The recent well-researched and deeply disturbing stories about overdose trends in The New York Times provide further irrefutable evidence that the addiction crisis in America is dramatically worsening:
"Graphs of the drug overdose deaths look like those of a new infectious disease... diffusing out and catching more and more people...But deaths from the traditional killers for which treatment has greatly improved over the past decade - heart disease, HIV and cancer - went down."
However, the stories fail to investigate any solutions or suggest the critical need for a systematic approach (like we have taken with the other massive health problems mentioned in the articles) to address the national scourge of addiction.
Twenty two million Americans are currently suffering from addiction - far more than from cancer and nearly as many as from heart disease. As the death toll has continued to climb in the last decade, addiction has maintained one statistic that should shock all of us -- a 90 percent treatment gap. This means that 90 percent of those 22 million Americans suffering today will not get any help whatsoever for their life-threatening illness.
We can no longer sit back and look with detached concern at graphs and statistics of this plague that is ravaging our country's youth. We have to begin to ask the all-important but difficult question: How do we reverse these trends?
Just like the complex illness of HIV/AIDS, there is not yet a cure for addiction, but there is much to be hopeful about. Promising work is underway in the areas of prevention, treatment, and long-term recovery. Communities are benefiting from programs such as providing first responders with the ability to reverse overdoses using Naloxone. But much more needs to be done - and this will require significant philanthropy and innovation.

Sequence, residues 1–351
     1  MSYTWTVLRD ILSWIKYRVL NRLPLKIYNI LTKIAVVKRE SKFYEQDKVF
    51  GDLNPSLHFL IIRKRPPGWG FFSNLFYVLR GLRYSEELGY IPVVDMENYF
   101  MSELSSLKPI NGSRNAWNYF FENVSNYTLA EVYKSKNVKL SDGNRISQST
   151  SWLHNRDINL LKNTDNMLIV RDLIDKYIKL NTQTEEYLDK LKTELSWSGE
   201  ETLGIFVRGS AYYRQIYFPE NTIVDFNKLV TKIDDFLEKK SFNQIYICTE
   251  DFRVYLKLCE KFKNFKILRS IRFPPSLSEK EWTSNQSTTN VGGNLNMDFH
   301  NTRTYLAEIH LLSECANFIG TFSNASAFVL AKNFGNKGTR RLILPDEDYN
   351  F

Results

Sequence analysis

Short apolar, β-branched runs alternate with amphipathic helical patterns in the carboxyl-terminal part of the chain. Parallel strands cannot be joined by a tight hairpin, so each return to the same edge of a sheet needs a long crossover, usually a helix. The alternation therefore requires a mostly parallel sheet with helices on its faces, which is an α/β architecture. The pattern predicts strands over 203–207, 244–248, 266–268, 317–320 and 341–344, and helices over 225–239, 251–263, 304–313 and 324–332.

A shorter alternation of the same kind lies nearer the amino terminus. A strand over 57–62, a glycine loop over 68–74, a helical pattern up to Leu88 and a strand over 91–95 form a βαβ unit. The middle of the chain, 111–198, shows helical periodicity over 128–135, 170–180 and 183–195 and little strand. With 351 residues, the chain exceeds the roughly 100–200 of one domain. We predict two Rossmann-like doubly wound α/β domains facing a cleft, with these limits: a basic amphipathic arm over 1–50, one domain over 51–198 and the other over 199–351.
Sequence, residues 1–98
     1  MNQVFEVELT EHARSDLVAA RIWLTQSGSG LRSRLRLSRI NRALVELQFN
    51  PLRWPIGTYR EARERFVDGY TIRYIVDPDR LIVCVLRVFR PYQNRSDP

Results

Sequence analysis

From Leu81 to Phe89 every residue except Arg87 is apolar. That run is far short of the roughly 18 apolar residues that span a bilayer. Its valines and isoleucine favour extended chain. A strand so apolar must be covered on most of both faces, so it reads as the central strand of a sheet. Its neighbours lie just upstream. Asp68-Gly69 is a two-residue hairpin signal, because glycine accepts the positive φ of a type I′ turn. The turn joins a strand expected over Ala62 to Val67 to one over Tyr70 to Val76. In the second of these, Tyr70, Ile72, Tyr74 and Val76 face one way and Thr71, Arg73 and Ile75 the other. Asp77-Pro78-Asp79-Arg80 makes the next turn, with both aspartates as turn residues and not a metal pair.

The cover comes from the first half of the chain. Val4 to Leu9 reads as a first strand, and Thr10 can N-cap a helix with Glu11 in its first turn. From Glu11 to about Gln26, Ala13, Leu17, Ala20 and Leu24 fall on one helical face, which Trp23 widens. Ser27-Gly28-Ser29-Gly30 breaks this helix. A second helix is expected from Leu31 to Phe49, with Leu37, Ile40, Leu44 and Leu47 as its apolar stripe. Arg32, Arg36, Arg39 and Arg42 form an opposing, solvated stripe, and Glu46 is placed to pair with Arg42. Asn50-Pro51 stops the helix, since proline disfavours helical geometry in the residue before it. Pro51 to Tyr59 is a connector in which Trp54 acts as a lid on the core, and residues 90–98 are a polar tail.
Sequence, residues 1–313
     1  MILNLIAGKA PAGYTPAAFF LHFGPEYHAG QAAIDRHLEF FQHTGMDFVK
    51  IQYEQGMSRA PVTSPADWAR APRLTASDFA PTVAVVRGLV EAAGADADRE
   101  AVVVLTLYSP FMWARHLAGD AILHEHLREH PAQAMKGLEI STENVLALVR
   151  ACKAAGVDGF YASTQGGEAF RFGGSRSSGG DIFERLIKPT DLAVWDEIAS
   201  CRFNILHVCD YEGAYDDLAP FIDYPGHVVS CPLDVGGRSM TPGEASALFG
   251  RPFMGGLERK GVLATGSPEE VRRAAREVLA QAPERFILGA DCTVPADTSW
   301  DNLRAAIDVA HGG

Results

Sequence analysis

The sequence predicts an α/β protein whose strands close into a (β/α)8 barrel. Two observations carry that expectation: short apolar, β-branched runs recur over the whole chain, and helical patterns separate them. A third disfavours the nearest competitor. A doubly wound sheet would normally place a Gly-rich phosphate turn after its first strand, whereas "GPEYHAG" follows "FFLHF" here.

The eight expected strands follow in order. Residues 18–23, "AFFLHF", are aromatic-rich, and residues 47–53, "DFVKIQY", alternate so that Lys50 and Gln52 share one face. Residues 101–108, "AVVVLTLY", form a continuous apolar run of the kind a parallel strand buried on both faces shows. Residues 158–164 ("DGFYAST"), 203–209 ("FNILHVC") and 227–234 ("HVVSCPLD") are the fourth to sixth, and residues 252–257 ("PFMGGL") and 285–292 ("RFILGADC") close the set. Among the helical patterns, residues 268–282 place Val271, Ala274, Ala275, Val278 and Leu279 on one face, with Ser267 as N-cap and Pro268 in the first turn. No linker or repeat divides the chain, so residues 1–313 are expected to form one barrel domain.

Astonishingly, there has never been the equivalent of the American Cancer Society or American Heart Association to battle addiction in our country, despite the terrifying reality that addiction impacts one in every three households (i.e., those currently suffering and those in long-term recovery).
I left my career to help form Facing Addiction because three years ago my beautiful boy, Austin, died of an overdose. His death could have been prevented if addiction received the same public outpouring of concern, empathy, and funding that cancer and other chronic diseases receive.
Americans generously and rightfully donate hundreds of millions -- and, in some cases, billions -- of dollars yearly to support the efforts to fight against cancer, heart disease, and even the once marginalized condition of HIV/AIDS. Yet only a tiny fraction of this amount -- literally just a few million dollars -- is donated to battling addiction.
The opportunity lies before us to make great strides in the fight against addiction. But it will require us to dig deeper than just reporting the numbers on the "overdose crisis;" think well beyond the simplistic notion that those afflicted "got themselves into this mess and if they wanted to stop, they would;" and boldly envision a systematic transformation similar to those that have been made with other health crises in America's history.
But it is going to take all of us - individuals, the health care system, and journalists - to ask the tougher, more complex questions about the issue all of us would prefer to deny with a turn of our heads. Unfortunately, having paid the ultimate price for our collective apathy and inaction, I will never be able to turn my attention away from addiction. It's time to start facing addiction with the urgency these deeply disturbing statistics demand and asking ourselves tougher questions - and demanding better answers - than ever before.
Co-Founder and CEO
Need help with substance abuse or mental health issues? In the U.S., call 800-662-HELP (4357) for the SAMHSA National Helpline.